14 How to apply the principle of Superposition Theorem? The principle of superposition is only applicable for linear circuits consisting of linear elements and independent sources. Steps in applying the superposition theorem: 1. Activate only one independent source at one time and deactivate the rest of independent sources. If the dependent source is available, it should remain active.. Determine the current or voltage where necessary. 3. Repeat steps 1- until the effects of all the independent sources in the network have been analysed. 4. Add the total currents or voltages.
15 Example 1 Find the current in the 6 Ω resistor using the principle of superposition for the circuit shown below.
16 Solution Consider the effect of 6 V voltage source: i v = = = R T 6 3 A Note: 1. Set the current source to zero appears as an open circuit.. Label portion of current due to excitation by 6V source as i Do circuit analysis.
17 Solution (cont.) Consider the effect of A current source: Apply current divider: R3Ω 3 i = A = = R + R Ω 6Ω 3 A Note: 1. Set the voltage source to zero appears as a short circuit.. Label portion of current due to excitation by A source as i. 3. Do circuit analysis.
18 Solution (cont.) The total current, i = i 1 + i : i = i1 + i = = A 3 Note: 1. Check whether all the independent sources have been analysed.. If yes, total up the current value.
19 Example Find the current i using the principle of superposition for the circuit shown below.
20 Solution Consider the effect of 4 V voltage source: Apply KVL (follow the direction of current, i 1 ) 4 + 3i 1 + i 1 + 3i1 8i i 1 1 = 0 = 4 = 3 A Note: 1. Set the current source to zero appears as an open circuit. A dependent source should remain active.. Label current as i 1. Dependent source is now referred to i Do circuit analysis.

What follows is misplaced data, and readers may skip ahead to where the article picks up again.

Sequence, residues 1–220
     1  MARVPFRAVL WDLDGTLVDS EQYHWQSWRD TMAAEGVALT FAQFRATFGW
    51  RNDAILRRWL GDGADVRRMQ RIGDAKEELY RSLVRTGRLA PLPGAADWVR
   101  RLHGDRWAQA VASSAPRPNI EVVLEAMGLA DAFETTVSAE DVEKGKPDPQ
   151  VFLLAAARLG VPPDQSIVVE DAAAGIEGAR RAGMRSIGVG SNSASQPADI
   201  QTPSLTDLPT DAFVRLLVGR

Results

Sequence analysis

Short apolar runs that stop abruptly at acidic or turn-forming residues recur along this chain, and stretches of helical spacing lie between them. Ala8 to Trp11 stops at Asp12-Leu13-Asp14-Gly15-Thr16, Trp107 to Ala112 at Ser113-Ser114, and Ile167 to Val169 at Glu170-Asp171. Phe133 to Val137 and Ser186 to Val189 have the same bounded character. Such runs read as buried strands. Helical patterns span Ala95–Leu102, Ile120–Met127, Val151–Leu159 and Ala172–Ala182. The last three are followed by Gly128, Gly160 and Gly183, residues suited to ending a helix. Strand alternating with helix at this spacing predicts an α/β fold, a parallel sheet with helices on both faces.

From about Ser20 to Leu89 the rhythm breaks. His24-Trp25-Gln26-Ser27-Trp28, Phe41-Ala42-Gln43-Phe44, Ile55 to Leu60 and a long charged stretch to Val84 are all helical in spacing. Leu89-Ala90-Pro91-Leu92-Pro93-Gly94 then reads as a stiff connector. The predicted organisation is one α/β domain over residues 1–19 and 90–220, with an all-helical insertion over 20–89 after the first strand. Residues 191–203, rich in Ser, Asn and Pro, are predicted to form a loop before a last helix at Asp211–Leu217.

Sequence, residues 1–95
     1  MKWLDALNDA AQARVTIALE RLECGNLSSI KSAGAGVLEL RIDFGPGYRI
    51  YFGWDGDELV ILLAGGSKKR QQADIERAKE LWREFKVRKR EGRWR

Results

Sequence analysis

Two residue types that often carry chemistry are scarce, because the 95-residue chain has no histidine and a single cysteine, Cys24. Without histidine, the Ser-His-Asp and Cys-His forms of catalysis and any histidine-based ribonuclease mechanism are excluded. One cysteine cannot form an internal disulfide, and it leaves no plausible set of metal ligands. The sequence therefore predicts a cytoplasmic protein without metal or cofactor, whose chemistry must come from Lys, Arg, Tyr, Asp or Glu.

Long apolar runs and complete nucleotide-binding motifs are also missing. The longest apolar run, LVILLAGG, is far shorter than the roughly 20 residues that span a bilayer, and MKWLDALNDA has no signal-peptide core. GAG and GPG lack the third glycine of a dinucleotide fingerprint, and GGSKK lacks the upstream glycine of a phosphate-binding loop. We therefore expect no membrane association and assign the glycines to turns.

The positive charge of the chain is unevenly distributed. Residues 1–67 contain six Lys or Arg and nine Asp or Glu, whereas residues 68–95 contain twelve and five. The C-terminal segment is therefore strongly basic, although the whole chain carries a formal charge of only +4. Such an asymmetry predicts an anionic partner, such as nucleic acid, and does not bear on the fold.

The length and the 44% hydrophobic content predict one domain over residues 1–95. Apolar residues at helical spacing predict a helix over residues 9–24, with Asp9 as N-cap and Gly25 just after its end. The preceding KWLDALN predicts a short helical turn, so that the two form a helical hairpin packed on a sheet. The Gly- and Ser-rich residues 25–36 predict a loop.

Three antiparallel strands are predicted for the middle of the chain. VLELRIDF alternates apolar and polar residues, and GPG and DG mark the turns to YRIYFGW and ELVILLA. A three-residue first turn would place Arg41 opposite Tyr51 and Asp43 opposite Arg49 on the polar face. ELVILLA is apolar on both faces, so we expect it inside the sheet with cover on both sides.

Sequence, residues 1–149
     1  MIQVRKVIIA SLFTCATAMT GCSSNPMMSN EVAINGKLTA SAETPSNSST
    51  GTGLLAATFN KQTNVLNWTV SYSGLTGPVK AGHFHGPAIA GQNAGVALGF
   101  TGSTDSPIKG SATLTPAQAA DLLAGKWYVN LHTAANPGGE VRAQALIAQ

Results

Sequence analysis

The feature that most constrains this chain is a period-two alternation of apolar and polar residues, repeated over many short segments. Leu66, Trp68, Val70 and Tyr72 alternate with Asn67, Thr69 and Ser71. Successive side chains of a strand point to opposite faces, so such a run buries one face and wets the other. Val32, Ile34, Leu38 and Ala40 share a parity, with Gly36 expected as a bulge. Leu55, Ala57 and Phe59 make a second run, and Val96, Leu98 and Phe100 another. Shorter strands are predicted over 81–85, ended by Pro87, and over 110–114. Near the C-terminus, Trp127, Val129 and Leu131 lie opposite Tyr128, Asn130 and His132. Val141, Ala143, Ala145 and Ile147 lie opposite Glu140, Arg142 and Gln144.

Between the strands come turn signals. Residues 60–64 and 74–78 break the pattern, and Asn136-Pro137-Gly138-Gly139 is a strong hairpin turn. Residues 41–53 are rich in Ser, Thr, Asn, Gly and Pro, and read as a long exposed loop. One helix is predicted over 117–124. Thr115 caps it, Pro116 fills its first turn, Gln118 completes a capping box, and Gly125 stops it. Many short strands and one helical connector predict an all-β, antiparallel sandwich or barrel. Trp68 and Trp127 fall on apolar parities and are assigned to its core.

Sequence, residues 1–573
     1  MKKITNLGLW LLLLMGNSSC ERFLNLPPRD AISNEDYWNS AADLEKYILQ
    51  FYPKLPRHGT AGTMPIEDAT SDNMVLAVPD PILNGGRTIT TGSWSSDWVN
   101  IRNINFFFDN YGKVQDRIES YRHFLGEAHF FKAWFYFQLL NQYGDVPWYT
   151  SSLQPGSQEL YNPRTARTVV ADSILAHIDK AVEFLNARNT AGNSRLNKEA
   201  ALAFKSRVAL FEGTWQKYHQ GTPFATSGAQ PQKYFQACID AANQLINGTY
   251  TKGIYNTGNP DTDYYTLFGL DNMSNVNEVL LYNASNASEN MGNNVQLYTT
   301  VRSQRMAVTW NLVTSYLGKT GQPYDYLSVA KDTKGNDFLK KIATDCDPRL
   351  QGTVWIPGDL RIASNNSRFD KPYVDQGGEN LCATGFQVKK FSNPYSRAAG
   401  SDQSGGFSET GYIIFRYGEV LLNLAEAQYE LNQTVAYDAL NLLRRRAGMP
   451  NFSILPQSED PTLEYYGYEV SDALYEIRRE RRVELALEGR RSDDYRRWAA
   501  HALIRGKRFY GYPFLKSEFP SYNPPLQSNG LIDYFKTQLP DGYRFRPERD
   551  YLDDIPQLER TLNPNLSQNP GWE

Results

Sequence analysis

21 Solution (cont.) Consider the effect of 7 A current source: Apply KCL at node a; va 3i = i + 7 va 3i = i + 14 v = 5i + 14Lequation (1) a Apply Ohm s Law across 3 Ω resistor; v a = i 3 Lequation () Note: 1. Set the voltage source to zero appears as a short circuit. A dependent source should remain active.. Label current as i. Dependent source is now referred to i. 3. Do circuit analysis.
22 Solution (cont.) Solve equations (1) & () to get i ; i Finally, the total current, i: i 14 = 8 = = i1 + i 7 = = A A Note: 1. Check whether all the independent sources have been analysed.. If yes, total up the current value.
23 Exercise Using the principle of superposition, find the voltage v of the circuit shown below. (Answer: 4 V)
24 Thevénin s Theorem Motivation: To reduce the complexity of circuits. How? Reduce some portion of the circuit to an equivalent source and a single element Thevenin equivalent circuit